Throughout the European Union, laws have been passed to guarantee food safety and animal welfare, restrict the use of antibiotics among livestock, ban genetically engineered foods, encourage organic production, and begin the deindustrialization of agriculture. These laws do not mean a return to the 19th century. On the contrary, they encourage the wise, careful application of 21st-century technology, along with a sense of humility before nature.

U.S. fast-food and agribusiness companies aren't deliberately trying to mistreat animals, poison the land, or sicken their customers. But their relentless pursuit of the fast and the cheap is doing those very things. Like the chemical companies a generation ago that dumped toxic waste in streams without a second thought, they're imposing external costs on the rest of society. And nobody is stopping them--yet.

It would be wonderful if our government cared more about public safety and environmental health than about the profits of a handful of corporations. It would be terrific if the passage of new laws solved every one of these problems. Meaningful change, however, isn't going to come from the top. It's going to come from people who realize that there's a direct link between the food they eat and the society they inhabit. Changing your eating habits can send ripples far and wide in support of agricultural practices that are humane, diverse, and sustainable. "The condition of the passive consumer of food is not a democratic condition," Wendell Berry writes. "One reason to eat responsibly is to live free."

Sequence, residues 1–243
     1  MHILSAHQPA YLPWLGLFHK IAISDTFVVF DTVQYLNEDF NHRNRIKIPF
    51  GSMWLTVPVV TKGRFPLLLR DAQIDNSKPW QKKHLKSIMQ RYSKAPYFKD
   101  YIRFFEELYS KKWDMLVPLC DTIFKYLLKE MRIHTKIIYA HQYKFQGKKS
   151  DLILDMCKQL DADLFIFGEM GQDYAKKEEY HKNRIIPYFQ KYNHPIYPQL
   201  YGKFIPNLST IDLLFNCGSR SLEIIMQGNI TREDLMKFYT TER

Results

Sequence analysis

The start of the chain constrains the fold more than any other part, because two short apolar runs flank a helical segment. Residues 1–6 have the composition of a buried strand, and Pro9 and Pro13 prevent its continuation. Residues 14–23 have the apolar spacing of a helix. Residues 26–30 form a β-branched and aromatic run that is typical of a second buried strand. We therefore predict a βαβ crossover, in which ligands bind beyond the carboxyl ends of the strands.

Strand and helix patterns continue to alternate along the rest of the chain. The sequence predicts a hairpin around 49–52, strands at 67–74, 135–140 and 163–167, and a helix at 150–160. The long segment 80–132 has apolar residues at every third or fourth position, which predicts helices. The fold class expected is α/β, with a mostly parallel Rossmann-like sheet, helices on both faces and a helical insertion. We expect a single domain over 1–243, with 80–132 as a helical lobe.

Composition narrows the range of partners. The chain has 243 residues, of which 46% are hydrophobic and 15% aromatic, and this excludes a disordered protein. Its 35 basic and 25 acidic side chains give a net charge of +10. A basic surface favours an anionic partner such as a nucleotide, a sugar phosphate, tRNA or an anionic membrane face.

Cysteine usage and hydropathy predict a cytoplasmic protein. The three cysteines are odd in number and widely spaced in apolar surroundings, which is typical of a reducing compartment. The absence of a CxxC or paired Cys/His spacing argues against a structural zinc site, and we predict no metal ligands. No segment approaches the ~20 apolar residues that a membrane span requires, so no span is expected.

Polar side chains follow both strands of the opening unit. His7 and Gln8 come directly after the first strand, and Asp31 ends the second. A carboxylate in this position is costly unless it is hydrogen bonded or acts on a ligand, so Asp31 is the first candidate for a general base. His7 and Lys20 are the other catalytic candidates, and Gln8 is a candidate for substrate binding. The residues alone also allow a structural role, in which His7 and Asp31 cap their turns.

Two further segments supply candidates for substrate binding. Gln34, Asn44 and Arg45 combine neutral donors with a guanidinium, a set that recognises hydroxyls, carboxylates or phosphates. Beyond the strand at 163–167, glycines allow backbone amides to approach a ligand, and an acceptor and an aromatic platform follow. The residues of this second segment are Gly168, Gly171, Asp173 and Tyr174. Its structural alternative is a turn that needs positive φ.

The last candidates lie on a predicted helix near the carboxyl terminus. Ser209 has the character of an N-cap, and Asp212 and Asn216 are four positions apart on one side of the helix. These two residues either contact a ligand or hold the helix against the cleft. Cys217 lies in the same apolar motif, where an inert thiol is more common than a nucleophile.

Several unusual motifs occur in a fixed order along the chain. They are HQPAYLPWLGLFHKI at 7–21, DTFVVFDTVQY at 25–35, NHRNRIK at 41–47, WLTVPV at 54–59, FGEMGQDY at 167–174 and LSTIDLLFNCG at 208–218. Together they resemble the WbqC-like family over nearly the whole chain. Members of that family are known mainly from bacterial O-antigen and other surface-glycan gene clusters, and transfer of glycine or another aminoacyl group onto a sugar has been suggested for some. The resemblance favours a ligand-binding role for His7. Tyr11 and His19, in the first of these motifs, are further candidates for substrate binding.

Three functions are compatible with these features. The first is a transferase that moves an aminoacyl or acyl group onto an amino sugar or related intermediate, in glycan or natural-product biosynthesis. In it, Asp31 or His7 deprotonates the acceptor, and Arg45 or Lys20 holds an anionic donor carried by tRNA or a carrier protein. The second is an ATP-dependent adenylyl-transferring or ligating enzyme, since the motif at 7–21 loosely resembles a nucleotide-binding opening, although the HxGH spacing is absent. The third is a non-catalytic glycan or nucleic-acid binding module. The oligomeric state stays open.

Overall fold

Eric Schlosser is the author of Fast Food Nation: The Dark Side of the All-American Meal (Houghton Mifflin, 2001). A film version by Richard Linklater, starring Patricia Arquette, Paul Dano, Ethan Hawke, Greg Kinnear, Kris Kristofferson, and Bruce Willis, is being released this fall nationwide.

Hundreds of Sierra Club members are monitoring rural stream quality, leading "Tours de Stench," and helping small towns stand up to Big Pig, Big Chicken, and Big Cow. You can join them at For information about The True Cost of Food, a 15-minute video produced by the Club's Sustainable Consumption Committee, go to

"Green Cuisine" logo by Greg Mably, photo by Lori Eanes